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Radio lessons a critical tool for continuing education

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Joyline Rushwaya is one of many teachers whose careers were halted by the onset of the COVID-19 pandemic. As numbers of infected people grew, many countries including Zimbabwe went into national lockdowns to minimise infections resulting in learners staying at home without options for continuing their education. Students in rural settings were the most affected by the national lockdowns due to limited access to internet and tools for communication such as mobile smartphones with WhatsApp for instance, where urban students were receiving information from their teachers and from their peers.

Prior to COVID-19, the Manicaland and Masvingo provinces of Zimbabwe experienced torrential rainfall, after the landfall of Cyclone Idai in Mozambique on 14 March 2019. The combination of high winds and heavy precipitation in the districts of Chimanimani, Chipinge, Buhera, Nyanga, Makoni, Mutare Rural, Bikita, Masvingo and Gutu resulted in riverine and flash flooding, as well as landslides, causing significant loss of life, injury and displacement.

In her account of the impact of Cyclone Idai Joyline notes, “When Cyclone Idai hit we were caught unawares. A bridge that is used by students to cross over to go to school was damaged by the cyclone and students were not able to come to school. This was a major issue for the community as many students were not able to go to their schools due to the damaged roads and bridges”.

The Solo Foundation introduced Joyline to radio lessons when she was invited to record lessons for airing on Diamond FM. She found herself in a situation where she had to record lessons without any prior knowledge of radio lessons scripting and recording. Joyline used her mobile telephone to record and send lessons that were aired on Diamond FM. Radio lessons enabled her to continue teaching remotely without convening her students in a classroom.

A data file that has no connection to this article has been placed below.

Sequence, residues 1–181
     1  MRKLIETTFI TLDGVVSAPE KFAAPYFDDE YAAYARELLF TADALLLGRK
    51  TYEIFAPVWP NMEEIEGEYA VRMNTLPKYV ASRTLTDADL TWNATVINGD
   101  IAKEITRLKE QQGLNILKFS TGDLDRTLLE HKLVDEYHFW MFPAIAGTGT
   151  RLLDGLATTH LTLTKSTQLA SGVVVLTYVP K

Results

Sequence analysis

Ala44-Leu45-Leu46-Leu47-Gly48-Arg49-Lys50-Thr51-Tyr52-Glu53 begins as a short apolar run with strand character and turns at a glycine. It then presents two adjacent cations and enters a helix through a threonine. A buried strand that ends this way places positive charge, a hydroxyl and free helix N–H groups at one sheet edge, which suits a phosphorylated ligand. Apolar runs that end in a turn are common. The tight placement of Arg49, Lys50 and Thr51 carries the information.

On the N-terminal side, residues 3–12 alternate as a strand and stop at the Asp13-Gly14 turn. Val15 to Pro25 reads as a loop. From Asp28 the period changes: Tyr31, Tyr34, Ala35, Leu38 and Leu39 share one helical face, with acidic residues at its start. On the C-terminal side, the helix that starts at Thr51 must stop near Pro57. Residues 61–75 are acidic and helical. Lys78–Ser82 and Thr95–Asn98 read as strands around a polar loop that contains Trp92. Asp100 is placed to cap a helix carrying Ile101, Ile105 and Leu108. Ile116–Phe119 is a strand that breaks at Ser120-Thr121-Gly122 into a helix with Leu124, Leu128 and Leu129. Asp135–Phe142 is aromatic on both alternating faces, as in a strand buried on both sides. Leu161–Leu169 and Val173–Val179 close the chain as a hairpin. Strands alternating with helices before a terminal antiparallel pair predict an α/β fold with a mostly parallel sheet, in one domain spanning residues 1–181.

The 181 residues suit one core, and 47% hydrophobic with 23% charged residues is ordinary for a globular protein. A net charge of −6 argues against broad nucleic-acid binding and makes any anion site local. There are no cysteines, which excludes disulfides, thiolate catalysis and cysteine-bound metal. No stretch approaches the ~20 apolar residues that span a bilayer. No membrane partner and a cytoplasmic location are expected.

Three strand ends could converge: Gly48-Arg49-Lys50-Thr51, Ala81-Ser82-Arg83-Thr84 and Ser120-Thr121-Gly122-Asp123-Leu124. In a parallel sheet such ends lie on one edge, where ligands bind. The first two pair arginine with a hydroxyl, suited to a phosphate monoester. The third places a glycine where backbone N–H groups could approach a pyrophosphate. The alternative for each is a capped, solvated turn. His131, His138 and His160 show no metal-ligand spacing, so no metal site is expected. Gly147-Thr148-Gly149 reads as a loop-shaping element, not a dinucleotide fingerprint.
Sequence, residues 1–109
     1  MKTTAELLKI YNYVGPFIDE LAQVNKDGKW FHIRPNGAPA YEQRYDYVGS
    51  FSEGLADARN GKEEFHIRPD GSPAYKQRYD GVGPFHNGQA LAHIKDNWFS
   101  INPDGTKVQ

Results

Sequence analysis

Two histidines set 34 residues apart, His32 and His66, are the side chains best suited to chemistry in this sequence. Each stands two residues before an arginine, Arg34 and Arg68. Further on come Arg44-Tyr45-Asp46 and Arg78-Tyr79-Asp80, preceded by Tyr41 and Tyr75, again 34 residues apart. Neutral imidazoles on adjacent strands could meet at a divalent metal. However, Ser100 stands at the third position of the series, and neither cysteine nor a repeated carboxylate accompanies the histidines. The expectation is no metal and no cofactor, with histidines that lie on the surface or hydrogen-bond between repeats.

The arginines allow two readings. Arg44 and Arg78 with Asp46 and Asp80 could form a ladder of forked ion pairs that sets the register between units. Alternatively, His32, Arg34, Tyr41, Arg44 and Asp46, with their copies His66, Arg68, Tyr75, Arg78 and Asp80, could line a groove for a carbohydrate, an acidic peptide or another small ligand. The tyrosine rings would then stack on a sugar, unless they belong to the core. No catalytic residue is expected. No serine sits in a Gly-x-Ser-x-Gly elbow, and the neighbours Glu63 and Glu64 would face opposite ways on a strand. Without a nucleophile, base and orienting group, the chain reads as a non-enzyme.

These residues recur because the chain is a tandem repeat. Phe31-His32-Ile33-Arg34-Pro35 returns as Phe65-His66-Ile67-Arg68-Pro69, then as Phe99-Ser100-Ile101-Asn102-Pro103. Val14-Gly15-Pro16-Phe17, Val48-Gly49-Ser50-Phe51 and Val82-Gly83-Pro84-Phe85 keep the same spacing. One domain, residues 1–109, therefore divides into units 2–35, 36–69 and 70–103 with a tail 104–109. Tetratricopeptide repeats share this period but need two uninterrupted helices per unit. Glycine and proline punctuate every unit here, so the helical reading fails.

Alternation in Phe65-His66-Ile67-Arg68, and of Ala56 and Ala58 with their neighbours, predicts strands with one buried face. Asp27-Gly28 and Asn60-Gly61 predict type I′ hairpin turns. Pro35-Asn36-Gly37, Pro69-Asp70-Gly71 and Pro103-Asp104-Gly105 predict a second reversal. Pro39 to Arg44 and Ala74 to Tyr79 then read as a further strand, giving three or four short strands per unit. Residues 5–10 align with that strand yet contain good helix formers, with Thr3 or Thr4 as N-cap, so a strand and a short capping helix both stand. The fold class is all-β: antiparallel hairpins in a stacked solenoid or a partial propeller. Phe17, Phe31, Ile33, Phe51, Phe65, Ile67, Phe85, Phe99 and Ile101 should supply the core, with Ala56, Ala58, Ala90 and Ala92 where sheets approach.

Joyline enjoyed recording lessons on her mobile telephone, however without being training she initially had some challenges to get the lessons just right. As one of the teachers recently trained by UNESCO, her journey in recording radio lessons has grown leading her to Chimanimani FM her local community radio station.

Chimanimani FM is one of the four operational community radio stations in Zimbabwe that are bringing resilience to disasters and development to Manicaland Province. Joyline is one of 25 teachers recently trained on radio lessons. During the training she was nominated by other training participants to represent their group on a practical excursion to Chimanimani FM where four teachers conducted On AIR radio lessons to a live audience. It was her first time visiting a radio studio and she enjoyed the experience.

Joyline Rushwaya is an early childhood development (ECD) teacher at Matendeudze Primary School in Chimanimani in Manicaland Province. She joined the teaching profession in 2011 and has been teaching at Matendeudze Primary School since 2012. She is one of the teachers that were recently trained on scripting for and conducting radio lessons by UNESCO.

More teachers in Zimbabwe and within Southern Africa will continue to be trained by UNESCO to complement the lessons that learners receive in classrooms and for education to continue when children cannot be in a classroom.

UNESCO has developed a Handbook for Interactive Audio Instruction: Planning and implementing radio lessons in sub-Saharan Africa to support radio lessons training in the region. For an overview of the manual kindly, visit here.

UNESCO work on building the resilience of Manicaland communities ensures early warning of disasters through weather monitoring equipment installed in various parts of Chimanimani. The system includes community radios, which entail bolstering already established indigenous community communication channels and cutting-edge Internet of Things (IoT) weather monitoring technology installed in various locations throughout Manicaland. The radio stations were developed as part of the World Bank funded Zimbabwe Idai Recovery Project (ZIRP) coordinated by UNOPS. UNESCO led and implemented the component of the project related to Comprehensive Resilience Building in the Chimanimani and Chipinge Districts.